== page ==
I might give a barbarian a chance in a low powered game. But he really just doesn't have enough class features.
Serious or humor?
Cause if you're concerned about the thing going under your foot and cutting you, I don't see it happening with your sock and shoe holding it in place, but you could easily have a pocket either sewn to the inside of your sock or on a harness on your foot under your sock. It would be trivial to hire a tailor to do such a thing, and since you don't care what the thing looks like, you could likely craft it yourself with a crazy low DC (realistically anyone who understands how a needle and thread work - even having never used one themselves - could accomplish it given a couple hours).
Hide one in your sock, and wear one on your belt. Keep the one in your sock for emergencies and use the other one the rest of the time.
Whereas I mentioned an Adamantine Arrow for non-consumeable purposes - though normally it would be consumeable. - Because it's an affordable adamantine item that you will have taking up space roughly the size of two coins, in your sock.
A bolt would work too.
Gives you a tiny adamantine blade (which is useful outside combat) for 60 gold and either 1 silver or 5 copper, depending if you went bolt or arrow.
If you go with a weapon that doesn't count as ammunition, it'll be +3000 gold. I suppose you'll have it for in combat too (Whereas an arrow with a 1.5 inch shaft and no fletching isn't very useful for shooting) - but having some adamantine blades for outside combat is still crazy useful, and my option is affordable at level 1.
That's an interesting little piece of information; and while I believe it would be difficult to provide evidence of such a claim - the accuracy or inaccuracy of that claim is irrelevant to this discussion.
Even if you're right about the medieval terminology, a tiny little boot knife is not represented as a dagger in D&D/Pathfinder. It's simply too small. Dagger stats would be excessively strong for it.
In medieval times they didn't categorize swords into short swords, long swords, bastard swords, and greatswords. Instead you had people just refer to it as a sword. Or a one handed sword vs two handed sword. Or if you were talking to an expert, by one of dozens of names for various subcategories of sword - often divided by the culture that designed them. In D&D however, that's how things are broken down. By size and functionality.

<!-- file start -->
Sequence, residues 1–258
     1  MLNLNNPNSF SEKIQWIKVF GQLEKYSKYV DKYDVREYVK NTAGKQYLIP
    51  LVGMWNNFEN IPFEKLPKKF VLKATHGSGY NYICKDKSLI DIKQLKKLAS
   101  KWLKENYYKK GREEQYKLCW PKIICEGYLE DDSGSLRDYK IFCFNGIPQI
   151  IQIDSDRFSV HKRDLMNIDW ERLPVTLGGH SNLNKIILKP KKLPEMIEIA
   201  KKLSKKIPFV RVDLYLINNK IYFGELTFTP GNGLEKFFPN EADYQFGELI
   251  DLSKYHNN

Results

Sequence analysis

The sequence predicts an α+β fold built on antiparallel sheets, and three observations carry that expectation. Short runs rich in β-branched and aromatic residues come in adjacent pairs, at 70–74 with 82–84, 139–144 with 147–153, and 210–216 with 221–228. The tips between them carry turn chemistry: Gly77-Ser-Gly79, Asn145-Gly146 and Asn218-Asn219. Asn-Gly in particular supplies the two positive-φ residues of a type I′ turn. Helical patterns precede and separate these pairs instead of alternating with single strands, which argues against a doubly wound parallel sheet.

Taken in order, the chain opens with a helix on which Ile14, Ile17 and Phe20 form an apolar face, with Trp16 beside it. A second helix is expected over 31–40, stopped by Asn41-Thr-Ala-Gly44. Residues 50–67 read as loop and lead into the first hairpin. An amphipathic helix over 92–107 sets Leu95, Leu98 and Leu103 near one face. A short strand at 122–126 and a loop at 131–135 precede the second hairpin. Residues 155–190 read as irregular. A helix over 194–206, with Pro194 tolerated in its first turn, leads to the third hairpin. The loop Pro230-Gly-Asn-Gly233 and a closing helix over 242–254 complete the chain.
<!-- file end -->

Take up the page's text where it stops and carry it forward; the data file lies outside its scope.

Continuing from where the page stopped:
And none of that changes the fact that if you look up bootknife, you get a little knife like the one I put up a picture of.
tl;dr - The term bootknife has well established meaning. I said what it was and linked a picture from the first page of google searches of bootknife. Also, D&D (and therefore pathfinder) doesn't use the same categories as used in the real world (which are endlessly complex and many experts can argue about them for hours), they divided it up by size and functionality, which is quite useful for a game.
Azaelas Fayth wrote:
@Darkholme: sorry in Pathfinder it is called the Blade Boot.
Yeah, when you said bootknife, I thought you meant bootknife, which is a small knife designed to be small enough that you can holster it in your boot. There are sheathes for them that fit in the side of a boot, as well.
Your option is not great for fine manipulation, though useful in combat. I would still want the arrowhead for cutting through manacles.
I acknowledge that would be also cool, but I have been wanting specialty priests since 3e came out; and I'm convinced that having clerics that only cast spells that make sense for their gods would be way more believable than all the clerics using healing and harm spells.
It could be archetypes for the cleric and oracle that trade the spell-lists for other spell-lists and some new features instead of a new class - if necessary. Perhaps make a less martial oracle/cleric as well, and make it so you can take both archetypes.
@Threeshades: I agree, but most people don't see it that way.
People get weirded out when I say I'm building a rogue, and I don't take a single level in rogue - instead using ranger or bard - possibly plus prestige classes. Likewise when I make a 'monk' and it's all ranger, paladin, or fighter, built for unarmed combat (or monk weapons) and mobility.
Arrowheads are easier to hide. You can slip it in your sock without hurting yourself, you can make a sheathe for it inside the lining of your boot, you could put it in the sole of the boot if youre clever about it.